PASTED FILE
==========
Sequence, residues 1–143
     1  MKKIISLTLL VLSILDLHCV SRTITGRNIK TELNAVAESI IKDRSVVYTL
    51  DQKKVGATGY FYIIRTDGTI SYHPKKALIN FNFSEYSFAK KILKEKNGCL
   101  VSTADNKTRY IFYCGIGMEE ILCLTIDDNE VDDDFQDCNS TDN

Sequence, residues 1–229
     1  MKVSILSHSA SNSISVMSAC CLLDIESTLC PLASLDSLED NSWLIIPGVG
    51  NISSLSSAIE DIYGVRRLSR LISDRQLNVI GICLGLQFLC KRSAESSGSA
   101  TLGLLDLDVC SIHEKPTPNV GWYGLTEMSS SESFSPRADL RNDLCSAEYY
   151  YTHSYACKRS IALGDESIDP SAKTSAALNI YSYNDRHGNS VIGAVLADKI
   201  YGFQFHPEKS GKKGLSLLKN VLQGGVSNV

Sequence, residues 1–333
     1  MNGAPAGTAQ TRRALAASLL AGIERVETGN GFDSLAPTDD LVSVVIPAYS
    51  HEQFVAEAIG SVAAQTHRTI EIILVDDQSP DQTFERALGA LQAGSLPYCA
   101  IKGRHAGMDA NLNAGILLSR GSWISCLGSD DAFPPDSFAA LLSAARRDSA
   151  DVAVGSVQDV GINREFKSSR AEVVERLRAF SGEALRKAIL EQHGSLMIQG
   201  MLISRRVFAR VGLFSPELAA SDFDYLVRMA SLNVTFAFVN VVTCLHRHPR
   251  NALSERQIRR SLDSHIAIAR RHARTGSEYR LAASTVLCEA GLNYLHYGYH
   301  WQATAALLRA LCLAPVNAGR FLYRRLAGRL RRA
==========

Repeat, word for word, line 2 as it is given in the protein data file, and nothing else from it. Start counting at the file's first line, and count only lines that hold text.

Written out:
     1  MKKIISLTLL VLSILDLHCV SRTITGRNIK TELNAVAESI IKDRSVVYTL